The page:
King Midas on the Move
by Frontera NorteSur
Posted on April 3, 2006
Now rated by Forbes magazine as the world's third-richest man with an estimated fortune of $30 billion, Mexican businessman Carlos Slim often has been called King Midas because of his wildly successful business endeavors. [forbes profile] Slim's buddy Bill Gates and Warren Buffet have more dough, according to Forbes. The prime beneficiary of the Mexican state's privatization of the public telephone company Telmex back in 1990, Slim has made a fortune in telecommunications, retail trade and cigarette distribution, among other activities.
In this Mexican election year, Slim made his mark traveling around the country and promoting his Chapultepec Pact for economic development and political stability. The agreement calls for increasing investment in education, healthcare, job training, and infrastructure development. In short, an infusion of money into under-funded sectors of the economy. Mexico, Slim holds, is at a ripe juncture for an economic leap catalyzed by a private-public partnership. "The internal and external factors are favorable, perhaps never like this in the history of Mexico," Slim said in a recent Guadalajara meeting. "Let's not allow this opportunity to pass."
Generally worded, the Chapultepec Pact is a declaration that could attract people from across the political spectrum. Slim has been successful in convincing other prominent businessmen, politicians, union leaders, intellectuals, and community leaders to sign on to his movement. Chemist Mario Molina, Mexico's internationally known Nobel Laureate, is a Chapultepec supporter, as are presidential candidates Roberto Madrazo and Felipe Calderon. At a recent meeting in Chihuahua City, the governors of the northern and border states of Durango, Baja California, Chihuahua, and Coahuila signed the dotted lines of the pact.
Presidential front-runner Andres Manuel Lopez Obrador still hasn't officially endorsed Chapultepec, but he has a long-standing relationship with Slim. During the 2000-2005 Lopez Obrador administration in Mexico City, Slim bankrolled much of the renovation of the capital city's historic downtown.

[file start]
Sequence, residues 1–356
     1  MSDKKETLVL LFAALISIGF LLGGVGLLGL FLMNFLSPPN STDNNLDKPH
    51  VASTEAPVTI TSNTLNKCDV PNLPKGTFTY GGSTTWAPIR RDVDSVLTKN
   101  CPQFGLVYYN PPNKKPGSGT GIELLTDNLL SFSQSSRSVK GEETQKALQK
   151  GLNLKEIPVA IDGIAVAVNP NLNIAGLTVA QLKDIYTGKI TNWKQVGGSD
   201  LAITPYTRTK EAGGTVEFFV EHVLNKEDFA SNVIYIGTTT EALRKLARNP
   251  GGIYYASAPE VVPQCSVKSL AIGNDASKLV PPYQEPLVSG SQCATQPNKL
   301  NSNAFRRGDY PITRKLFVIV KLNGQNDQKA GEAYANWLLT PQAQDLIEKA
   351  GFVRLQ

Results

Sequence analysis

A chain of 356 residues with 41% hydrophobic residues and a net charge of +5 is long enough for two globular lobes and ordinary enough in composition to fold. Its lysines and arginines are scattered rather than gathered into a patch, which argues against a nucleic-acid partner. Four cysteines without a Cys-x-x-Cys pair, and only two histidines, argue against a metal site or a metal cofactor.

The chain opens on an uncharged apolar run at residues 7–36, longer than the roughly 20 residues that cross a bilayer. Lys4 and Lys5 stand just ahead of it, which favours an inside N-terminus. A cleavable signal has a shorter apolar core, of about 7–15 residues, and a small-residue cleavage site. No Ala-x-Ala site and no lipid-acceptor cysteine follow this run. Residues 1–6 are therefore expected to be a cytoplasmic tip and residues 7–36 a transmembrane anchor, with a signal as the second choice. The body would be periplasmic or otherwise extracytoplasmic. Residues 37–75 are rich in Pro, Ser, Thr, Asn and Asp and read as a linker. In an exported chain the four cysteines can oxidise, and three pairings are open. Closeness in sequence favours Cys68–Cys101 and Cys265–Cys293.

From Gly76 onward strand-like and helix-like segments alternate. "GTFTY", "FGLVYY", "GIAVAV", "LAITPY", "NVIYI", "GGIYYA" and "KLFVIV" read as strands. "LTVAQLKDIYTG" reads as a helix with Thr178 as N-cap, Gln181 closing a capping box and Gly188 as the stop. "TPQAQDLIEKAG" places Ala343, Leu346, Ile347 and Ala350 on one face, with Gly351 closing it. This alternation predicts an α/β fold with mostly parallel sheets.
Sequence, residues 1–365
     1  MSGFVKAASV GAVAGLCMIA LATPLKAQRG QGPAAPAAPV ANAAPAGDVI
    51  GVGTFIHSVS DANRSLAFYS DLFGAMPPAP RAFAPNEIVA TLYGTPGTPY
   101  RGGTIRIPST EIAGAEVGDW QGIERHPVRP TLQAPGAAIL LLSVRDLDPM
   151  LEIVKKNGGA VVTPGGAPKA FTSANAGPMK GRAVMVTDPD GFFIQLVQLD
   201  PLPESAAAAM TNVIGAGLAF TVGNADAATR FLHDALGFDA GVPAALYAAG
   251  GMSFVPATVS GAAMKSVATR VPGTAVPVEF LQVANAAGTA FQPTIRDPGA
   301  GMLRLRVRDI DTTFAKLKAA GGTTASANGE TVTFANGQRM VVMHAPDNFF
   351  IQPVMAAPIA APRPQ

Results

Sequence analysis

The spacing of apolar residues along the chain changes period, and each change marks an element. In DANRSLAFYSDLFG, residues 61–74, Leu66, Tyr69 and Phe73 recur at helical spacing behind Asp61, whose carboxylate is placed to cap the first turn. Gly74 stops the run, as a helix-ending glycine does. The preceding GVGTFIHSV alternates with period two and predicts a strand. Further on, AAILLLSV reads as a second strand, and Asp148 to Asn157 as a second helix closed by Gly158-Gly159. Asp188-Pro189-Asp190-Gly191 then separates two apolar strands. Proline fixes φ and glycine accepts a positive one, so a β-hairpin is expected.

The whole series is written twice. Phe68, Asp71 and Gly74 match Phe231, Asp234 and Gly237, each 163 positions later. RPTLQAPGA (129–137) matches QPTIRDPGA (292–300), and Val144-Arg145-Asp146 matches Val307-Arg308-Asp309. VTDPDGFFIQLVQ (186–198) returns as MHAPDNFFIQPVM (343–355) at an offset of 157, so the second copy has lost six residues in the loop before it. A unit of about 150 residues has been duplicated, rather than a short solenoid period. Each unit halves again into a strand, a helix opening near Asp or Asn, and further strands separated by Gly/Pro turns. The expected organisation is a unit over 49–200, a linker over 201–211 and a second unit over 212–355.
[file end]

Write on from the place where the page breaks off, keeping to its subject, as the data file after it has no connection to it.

During the last regional Chapultepec conference held in Guadalajara this month, Slim was asked about Lopez Obrador's absence from the pact. The billionaire said it didn't matter whether someone signed or not as long as he was in general agreement with the overall goals of Chapultepec. Slim said he was confident business and investment as usual would go on whoever was elected president in 2006, a statement that departed from recent comments by former President Carlos Salinas de Gortari and others warning of a Lopez Obrador victory as negative for the political business climate.
Slim has criticized aspects of the economic model many Latin Americans call neo-liberalism, saying not enough emphasis has been placed on eradicating poverty, boosting growth and cultivating human capital. Some analysts caution, however, that one trend that could emerge from Chapultepec is a greater reallocation of public pension funds in development schemes that benefit private interests.
According to Chihuahua journalist Luis Javier Valero Flores, Chapultepec specifically urges "changing the law to be able to add private and public savings to public finances." One Slim critic is Guillermo Ortiz Martinez, the governor of the central Bank of Mexico, who in recent veiled comments lashed out against monopolists in the private sector. Ortiz criticized Telmex's domination of the fixed and cellular phone market, calling the company's services "the most expensive in the world." Responding to Ortiz, Slim said, "(Guillermo Ortiz) doesn't agree? If he doesn't want to sign (Chapultepec), he doesn't have to sign."
Seemingly unworried, Slim is moving ahead with various projects that have significant ramifications for the coming years. The magnate has capitalized a $9 million fund to study the implementation of 109 priority public works projects defined as key for breaking "the inertia of underdevelopment." To carry out such projects, Slim has founded a new company, Ideal, which is focusing on building public works and infrastructure. This month, it was announced that Ideal is to build a new wastewater system in the northern city of Saltillo, Coahuila. The plant is scheduled for completion by September 2007.
Ideal is also hoping to land the contract for the expansion of the Mexicali-Tijuana aqueduct. According to the federal National Water Commission, the $111 million project will provide water to 390,000 inhabitants of the Baja California municipalities of Tecate, Tijuana and Playas de Rosarito. Ideal will be publicly traded on the Mexico City and New York City stock markets.
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-- El Universal, March 10, 12 and 14, 2006. Articles by Carlos Coria Rivas, Fernando Pedrero, Ulises Zamarroni, and editorial staff.
-- El Diario de Juarez, March 12, 2006. Articles by Luis Javier Valero Flores and
-- Frontera/EFE, March 9, 2006.
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Reprinted with permission from Frontera NorteSur (FNS): on-line, U.S.-Mexico border news, Center for Latin American and Border Studies, New Mexico State University, Las Cruces, N.M.
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